Hotel Premiere Classe Bussy St. Georges
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- Free parking
- Pets allowed
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Travel Blogs from Bussy St Georges
... 30 minutes, but we were on in approx. 25. But, as we were in the queue weaving back and forth towards to loading area...these two kids, a brother and sister aged 12 and 15 give or take....were on the outside ledge holding onto the railing in very unsafe conditions. Once again, no cast members anywhere to be seen to stop them from being so ridiculously unsafe. The parents allowed to climb, butt the lines, and create mayhem. They were quite the hooligans. As we exited the ride, ...
... a bomber of Heineken and sat outside my room and Bobs your Uncle
Was going to pack tonight but will do it in the morning as the hotel where I am to meet Sheila et al is not so far away and I guess they won't get there before 11 am.
So that's the day that was. Have enjoyed my time in Paris but being on one's own sort of limits one's thinking in terms of adventurous days. Mind you my leg has limited me also as walking on it swells it ...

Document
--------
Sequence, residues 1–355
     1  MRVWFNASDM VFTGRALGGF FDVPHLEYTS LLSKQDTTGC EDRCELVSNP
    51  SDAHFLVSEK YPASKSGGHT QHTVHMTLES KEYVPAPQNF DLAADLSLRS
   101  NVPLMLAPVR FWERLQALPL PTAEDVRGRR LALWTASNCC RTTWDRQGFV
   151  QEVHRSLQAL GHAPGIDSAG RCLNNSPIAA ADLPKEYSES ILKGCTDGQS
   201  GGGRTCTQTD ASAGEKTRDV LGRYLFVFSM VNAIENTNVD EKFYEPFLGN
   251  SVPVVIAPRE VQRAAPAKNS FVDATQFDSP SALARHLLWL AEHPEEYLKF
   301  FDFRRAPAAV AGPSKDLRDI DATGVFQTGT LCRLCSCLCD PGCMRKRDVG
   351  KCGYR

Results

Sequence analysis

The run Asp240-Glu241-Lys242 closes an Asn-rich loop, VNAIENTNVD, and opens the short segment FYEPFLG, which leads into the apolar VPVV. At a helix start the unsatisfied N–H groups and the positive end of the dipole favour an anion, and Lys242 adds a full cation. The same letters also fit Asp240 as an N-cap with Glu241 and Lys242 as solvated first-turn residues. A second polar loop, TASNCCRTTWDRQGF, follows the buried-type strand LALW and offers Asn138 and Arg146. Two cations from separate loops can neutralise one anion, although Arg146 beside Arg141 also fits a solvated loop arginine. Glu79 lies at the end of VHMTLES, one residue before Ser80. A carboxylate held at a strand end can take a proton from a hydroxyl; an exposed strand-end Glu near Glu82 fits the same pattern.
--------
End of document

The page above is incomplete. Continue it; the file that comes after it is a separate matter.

... so I will tell you about that now. It was about an hour flight, and there had been a surprise too. We were almost there, when the plane jerked up really hard, almost knocking my drink over. "We're all going to die!". But no we didn't, it was just a turbulence. It was fun.... let's do it again! It is almost making me miss rollarcoasters. When we got to the hotel, we took the elevator up to the third floor, where our rooms were, and we said goodbye to Lynn and Sue as they went to ...
... by. We mastered the Metro today with numerous changes to get us to Rue de Rome on the other side of town, a street known a shaving the highest concentration of violin makers in the world. Though the first few luthieres were closed, we happened upon a lovely man who spoke excellent English and very generously allowed Ella to play - first on an 18th Century French cello worth 12,000Euro and a 4,000Euro bow, then a more modest turn of the century (the last ...
... de la Concorde. These days it's mostly chain stores and overpriced restaurants, but we make the pilgrimage nonetheless. It's been a long day and we are both tired, but I talk Yalini into pressing on to the last item on her culinary list: "the best couscous in Paris", ordered as a takeaway from Le Petit Bleue, a tiny restaurant in one of the seedier parts of Montmartre, just on the far side of Sacré Coueur. We order the "Couscous Royal" expecting from the name that it will contain ...